Are you planning on running an Ideation with your Design or Product Team? Or maybe you’ve invited some users into the office and want to pick their brains with a good old fashioned brainstorming? Perhaps you’re trying a new team building exercise on the topic of Design, Mockups, or Prototyping.
Or not, I don’t know, I’m a listicle not a cop.
Regardless of what you need it for, you’re sure to need a good warm-up exercise! Warm-ups get the juices flowing, free the mind, and get your team working together. So check out these 5 awesome warm-ups for all your UX Design needs.
1. A Story in Three Acts
Story-based warm-ups are perfect for getting your team ready to think about workflows and happy paths. First, break your participants into teams of two (although, in a pinch, a team of three in a round-robin configuration works pretty well). One team member provides three words at random - nouns usually work best - which the other team member has to use in a story formulated on the spot. The story should use all three words, but they can be in any order. Then have the partners switch roles!
This one goes fairly fast so you can run a few rounds of it and even switch partners. Consider providing a theme to help folks brainstorm their three words - for example, Science Fiction, The 80s, or Super Heroes.
2. The Monkey’s Paw
This exercise can be done in a team of two, like A Story in Three Acts, or in a group. One team member is the ‘wisher’ and has to think of a wish they’d make if they could ask for anything. It’s up to their team member or the group to elegantly ruin that wish.
Oh, do you want a million dollars? It’s in pennies! Did you want to quarterback a football team? Congrats, it’s PeeWee league! Maybe you wanted the cutest dog ever? Ok, well, let’s not ruin that one. That’s a good wish.
The challenge for this exercise is to ruin a wish in a sentence or even just a single word. Avoid convoluted explanations and strive for simplicity.
3. Quick Fire Daily UI
If you’ve never used Daily UI, check it out now. It’s a great little daily reminder to warm up with a new and clever type of design you may have never done before. Even cooler, you can use their daily design prompts - which come in the form of emails - as topics for a design quick fire exercise with your team. Pick a particularly provocative set of 4-5 topics and have your team sketch out an approach in just 30 seconds or less.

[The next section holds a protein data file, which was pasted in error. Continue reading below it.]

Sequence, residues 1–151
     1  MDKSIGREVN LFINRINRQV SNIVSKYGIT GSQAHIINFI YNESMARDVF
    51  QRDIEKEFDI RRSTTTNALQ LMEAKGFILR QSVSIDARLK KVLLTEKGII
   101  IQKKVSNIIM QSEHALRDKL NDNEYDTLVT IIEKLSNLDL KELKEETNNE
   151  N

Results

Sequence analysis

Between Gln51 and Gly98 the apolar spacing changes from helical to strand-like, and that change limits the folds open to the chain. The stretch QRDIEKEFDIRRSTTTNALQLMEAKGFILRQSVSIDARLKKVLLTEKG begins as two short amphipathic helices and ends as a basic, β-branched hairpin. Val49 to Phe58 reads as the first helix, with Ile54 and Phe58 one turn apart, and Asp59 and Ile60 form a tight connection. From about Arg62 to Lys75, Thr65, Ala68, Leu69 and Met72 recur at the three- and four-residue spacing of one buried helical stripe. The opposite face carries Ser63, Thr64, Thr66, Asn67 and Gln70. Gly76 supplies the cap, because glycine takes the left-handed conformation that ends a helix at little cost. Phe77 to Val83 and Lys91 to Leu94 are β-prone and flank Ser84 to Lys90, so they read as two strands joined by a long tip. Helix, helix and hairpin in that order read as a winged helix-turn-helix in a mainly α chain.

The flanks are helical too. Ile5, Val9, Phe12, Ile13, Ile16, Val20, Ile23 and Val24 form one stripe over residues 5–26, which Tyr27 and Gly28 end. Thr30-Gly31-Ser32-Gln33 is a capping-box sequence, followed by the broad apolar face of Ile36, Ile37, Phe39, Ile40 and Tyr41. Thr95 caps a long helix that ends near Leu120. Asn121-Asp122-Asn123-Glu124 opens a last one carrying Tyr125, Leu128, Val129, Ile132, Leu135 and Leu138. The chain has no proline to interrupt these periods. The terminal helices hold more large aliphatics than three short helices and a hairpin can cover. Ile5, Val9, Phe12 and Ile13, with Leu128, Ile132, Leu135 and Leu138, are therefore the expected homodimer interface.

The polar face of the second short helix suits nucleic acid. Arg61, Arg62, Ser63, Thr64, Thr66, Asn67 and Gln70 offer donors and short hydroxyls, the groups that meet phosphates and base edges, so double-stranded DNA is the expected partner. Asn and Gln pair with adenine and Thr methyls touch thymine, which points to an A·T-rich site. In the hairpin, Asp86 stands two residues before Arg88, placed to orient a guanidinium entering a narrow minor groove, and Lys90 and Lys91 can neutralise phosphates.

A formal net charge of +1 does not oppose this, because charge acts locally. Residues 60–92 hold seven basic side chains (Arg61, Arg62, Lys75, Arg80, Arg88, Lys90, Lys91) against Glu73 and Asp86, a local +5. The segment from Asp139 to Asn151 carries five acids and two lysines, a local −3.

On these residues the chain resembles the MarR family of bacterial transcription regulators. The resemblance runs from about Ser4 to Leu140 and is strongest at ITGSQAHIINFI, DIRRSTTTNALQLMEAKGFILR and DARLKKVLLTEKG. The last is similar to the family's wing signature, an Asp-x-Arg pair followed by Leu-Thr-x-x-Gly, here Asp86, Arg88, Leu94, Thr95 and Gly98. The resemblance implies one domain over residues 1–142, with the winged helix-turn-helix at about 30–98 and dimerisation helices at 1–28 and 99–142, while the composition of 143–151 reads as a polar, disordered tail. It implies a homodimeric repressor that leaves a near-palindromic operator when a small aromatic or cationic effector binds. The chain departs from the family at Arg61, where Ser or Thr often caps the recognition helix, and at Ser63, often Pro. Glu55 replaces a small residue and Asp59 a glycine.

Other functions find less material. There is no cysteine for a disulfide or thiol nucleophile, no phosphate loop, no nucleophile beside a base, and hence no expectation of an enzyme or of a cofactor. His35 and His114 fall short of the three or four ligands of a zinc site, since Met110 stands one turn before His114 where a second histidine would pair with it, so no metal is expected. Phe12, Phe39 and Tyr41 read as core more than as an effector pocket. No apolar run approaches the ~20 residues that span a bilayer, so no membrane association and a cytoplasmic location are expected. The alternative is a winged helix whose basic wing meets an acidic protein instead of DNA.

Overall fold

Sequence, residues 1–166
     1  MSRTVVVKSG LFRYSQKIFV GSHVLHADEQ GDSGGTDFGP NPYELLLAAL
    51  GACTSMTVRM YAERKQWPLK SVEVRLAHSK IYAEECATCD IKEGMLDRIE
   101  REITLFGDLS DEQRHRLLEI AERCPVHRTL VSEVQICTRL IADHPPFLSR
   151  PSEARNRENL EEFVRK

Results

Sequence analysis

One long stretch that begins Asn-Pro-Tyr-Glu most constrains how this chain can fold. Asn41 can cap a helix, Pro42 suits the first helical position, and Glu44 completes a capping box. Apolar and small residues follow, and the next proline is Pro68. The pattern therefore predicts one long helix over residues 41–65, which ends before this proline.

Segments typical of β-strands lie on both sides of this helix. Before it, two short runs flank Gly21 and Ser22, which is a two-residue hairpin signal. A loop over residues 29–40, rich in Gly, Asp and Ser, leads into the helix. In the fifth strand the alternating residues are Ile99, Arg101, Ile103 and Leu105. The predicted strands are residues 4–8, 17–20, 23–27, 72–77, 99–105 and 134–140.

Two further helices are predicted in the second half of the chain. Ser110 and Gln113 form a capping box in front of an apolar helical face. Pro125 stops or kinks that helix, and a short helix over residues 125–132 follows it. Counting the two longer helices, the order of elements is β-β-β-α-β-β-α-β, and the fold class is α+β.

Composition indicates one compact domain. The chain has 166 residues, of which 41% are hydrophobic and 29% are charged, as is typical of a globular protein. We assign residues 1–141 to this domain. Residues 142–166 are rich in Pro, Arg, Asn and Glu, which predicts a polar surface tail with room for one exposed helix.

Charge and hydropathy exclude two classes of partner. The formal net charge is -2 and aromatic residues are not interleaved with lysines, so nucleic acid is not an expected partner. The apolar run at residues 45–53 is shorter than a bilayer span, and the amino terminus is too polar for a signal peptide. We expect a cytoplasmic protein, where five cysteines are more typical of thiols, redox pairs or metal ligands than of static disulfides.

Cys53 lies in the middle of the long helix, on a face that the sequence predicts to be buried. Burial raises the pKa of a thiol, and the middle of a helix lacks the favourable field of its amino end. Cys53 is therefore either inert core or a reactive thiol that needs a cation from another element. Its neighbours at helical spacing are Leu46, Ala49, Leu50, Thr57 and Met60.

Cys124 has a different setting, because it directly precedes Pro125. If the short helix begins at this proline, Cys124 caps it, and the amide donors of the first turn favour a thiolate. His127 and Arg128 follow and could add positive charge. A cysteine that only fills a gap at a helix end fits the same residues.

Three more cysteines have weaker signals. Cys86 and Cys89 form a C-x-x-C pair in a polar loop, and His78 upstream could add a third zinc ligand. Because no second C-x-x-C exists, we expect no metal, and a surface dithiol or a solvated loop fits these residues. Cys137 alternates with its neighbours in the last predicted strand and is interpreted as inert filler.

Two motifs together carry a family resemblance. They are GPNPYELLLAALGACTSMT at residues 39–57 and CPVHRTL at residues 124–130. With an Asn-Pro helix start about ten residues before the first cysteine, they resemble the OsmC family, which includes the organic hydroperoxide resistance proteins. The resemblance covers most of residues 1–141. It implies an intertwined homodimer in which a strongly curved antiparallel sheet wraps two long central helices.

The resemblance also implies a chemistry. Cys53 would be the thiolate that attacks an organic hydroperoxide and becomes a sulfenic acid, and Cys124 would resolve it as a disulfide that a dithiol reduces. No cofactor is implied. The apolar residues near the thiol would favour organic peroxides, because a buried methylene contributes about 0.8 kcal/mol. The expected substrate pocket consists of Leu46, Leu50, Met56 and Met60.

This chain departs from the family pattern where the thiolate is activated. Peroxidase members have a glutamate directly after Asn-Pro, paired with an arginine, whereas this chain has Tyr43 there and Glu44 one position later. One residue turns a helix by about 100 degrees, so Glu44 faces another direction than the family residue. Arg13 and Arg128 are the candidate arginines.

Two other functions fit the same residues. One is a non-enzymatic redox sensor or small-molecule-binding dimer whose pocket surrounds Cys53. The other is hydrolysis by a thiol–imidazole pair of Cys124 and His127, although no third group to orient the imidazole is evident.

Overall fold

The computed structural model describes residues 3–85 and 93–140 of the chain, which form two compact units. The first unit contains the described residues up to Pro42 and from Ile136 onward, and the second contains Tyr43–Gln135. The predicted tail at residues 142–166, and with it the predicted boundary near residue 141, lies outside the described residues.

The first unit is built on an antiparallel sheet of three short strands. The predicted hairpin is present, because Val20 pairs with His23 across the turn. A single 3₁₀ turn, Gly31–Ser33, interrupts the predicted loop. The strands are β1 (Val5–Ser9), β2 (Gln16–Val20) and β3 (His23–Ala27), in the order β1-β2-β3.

If you have time, consider running a final round where team members get an additional 30 seconds to create a second iteration of their favorite design.
4. Tower of Iterations
This is a team exercise that I once had a professor use in a graduate-level interactive media design course as an introduction to thinking iteratively. The exercise works best with teams of 3-5 people. It’s an awesome warm up for a longer session like a half-day or full-day Design Studio.
In Tower of Iterations, teams must work to build the tallest tower in a set amount of time (10 minutes is good) with just two building materials: plastic straws and marshmallows. Let teams work out their process themselves, execute their builds, and then come together for a group discussion. You will find that the teams that did the best - had the highest or most stable builds - worked iteratively, failed early, and made plans and prototypes. Teams that put all their eggs in one basket usually have dramatic engineering failures, often at the last second! This exercise is a great introduction to the concept of iterative design and prototype and why they are such valuable practices.
5. An Actual Physical Warm-Up
This last warm-up will literally warm up your body. Never discount the creative potential of getting your body moving!
Cross-lateral movements and full-body engagement offer the best benefits to the brain, so the sequence I recommend is:
- 10 jumping jacks
- 20 windmills (that’s touching your right toe with your left hand, then vice versa)
- 2 spins clockwise
- ...and 2 final spins counterclockwise
Count out loud for your team so no one gets left behind!
Remember to consider beforehand if you need to make any modifications for team members with mobility limitations, injuries, or disabilities. For example, instead of traditional windmills you can have team members pair up and play patty-cake. Get creative!